What advice would you give to organizations implementing a remote working policy for the first time?

Knowledge-based organizations in which digital transformation has already begun have a head start on implementing remote working policies because most of their critical information is already accessible through their digital network. But the specific solution chosen shouldn’t be imposed from the top down. One size does not fit all. Department heads and IT department personnel need to be closely involved, both on the technical side and on the policy side, to craft the right solution. Companies will also need to retain the flexibility to revise their remote work practices as experience shows them what works, what doesn’t, and what issues remain to be addressed. 

What strategies can smaller businesses (unable to absorb the cost of extended disruption) use to survive an incident of this kind?

Very few businesses, regardless of size, are able to comfortably absorb the cost of an extended disruption either to their productivity or to their customer patronage. That said, effective connectivity solutions for business are almost entirely independent of company size: affordable solutions that make sense are already available for small organizations as well as large ones.  

TeamViewer is offering attractive entry level home office solutions and discount packages to make remote work easier for all of a company’s employees, even after the pandemic has passed. Our Blizz online phone and video conference platform will continue to be available free of charge for up to five participants.  

Those same technologies can also be scaled up for online meetings, telephone conferences, video conferences, and screensharing involving hundreds of participants at the same time. Although there are multiple providers of those services, a huge benefit of TeamViewer is that we provide a single tool that can perform all of those critical work from home functions. 

(Image credit: / Eugenio Marongiu)

Many events have been canceled as a result of the outbreak, and others have gone “digital-only.” Could this be the start of a trend that sees the world’s largest conferences take a different shape going forward?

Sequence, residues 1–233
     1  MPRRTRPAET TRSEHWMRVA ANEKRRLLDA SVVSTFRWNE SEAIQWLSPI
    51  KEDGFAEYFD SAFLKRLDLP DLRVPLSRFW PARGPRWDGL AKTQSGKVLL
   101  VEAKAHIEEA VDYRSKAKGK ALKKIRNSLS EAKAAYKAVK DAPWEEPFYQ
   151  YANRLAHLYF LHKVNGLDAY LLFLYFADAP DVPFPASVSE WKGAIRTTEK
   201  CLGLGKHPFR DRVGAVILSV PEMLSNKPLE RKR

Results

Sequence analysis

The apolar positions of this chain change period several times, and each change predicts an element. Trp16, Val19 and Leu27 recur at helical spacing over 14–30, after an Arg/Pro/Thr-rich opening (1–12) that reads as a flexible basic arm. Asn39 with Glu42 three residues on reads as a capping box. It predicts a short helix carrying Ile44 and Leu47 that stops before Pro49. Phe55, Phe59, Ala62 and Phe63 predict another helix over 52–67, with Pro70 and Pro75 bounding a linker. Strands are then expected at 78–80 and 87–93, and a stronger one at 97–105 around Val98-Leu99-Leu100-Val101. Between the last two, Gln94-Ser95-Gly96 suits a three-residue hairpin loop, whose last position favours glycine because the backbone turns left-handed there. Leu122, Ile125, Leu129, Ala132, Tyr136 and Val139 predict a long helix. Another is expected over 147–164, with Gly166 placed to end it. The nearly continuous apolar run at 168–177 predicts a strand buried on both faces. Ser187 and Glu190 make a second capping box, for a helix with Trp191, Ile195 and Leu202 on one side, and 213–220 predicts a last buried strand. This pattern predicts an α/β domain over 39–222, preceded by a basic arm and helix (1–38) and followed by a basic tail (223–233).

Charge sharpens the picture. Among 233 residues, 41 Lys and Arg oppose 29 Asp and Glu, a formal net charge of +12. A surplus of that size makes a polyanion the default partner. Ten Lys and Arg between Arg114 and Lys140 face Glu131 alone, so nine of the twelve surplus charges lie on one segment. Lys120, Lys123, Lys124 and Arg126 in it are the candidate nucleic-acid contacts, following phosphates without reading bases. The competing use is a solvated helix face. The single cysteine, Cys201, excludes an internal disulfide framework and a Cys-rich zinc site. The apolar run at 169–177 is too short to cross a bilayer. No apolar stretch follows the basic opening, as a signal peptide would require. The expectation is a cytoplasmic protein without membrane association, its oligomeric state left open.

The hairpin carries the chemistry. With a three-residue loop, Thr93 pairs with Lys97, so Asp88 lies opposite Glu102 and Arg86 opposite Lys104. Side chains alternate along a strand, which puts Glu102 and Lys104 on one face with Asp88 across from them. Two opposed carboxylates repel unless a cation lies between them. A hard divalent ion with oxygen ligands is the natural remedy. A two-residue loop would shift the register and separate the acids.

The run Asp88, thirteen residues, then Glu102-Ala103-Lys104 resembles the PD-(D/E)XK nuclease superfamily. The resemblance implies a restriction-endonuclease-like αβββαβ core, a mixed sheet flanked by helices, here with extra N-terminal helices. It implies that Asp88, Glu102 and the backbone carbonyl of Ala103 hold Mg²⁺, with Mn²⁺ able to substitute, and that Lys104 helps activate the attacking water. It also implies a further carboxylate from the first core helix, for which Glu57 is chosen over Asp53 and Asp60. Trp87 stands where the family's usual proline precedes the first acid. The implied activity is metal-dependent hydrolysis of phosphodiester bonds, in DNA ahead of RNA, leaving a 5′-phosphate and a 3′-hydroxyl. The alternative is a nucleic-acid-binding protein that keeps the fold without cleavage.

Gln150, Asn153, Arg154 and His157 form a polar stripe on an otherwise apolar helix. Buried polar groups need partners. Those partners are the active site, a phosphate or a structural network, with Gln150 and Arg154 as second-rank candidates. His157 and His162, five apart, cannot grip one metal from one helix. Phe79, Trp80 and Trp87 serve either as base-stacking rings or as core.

The technology for including hundreds of people in an interactive electronic conference is already available; there is no limit on the number who can be included in one-way communications. Some organizations may find that digital conferencing works well for its stakeholders, and therefore would continue offering it as a format into the future – either as a primary or supplementary way for people to meet. 

Most conferences and conventions also include dozens of vendors eager to give prospects a close-up, hands-on look at their offerings – something that would be difficult to simulate online. So we don’t see live, in-person conferences ever completely vanishing. 

How might the possibility of COVID-19 becoming an annual recurrence affect long-term business strategy and arrangements between business partners?

Without an effective, widely available vaccine and global immunization program, a repeat occurrence would be massively disruptive. 

For one thing, it would dramatically shorten the horizon for making long-term investment decisions. Any service business where face-to-face contact with customers is involved would be heavily impacted. Whole segments of the economy involving close contact between individuals such as healthcare, fitness, or grooming, as well as those that involve assembling large numbers of people in the same place, are already experiencing disruption. Some may not survive, at least not in their present form. With global supply chains and worldwide travel now baked into the economy, regional solutions may not be sufficient or even possible. 

Getting through the coronavirus crisis will be a test of national character as much as of technology.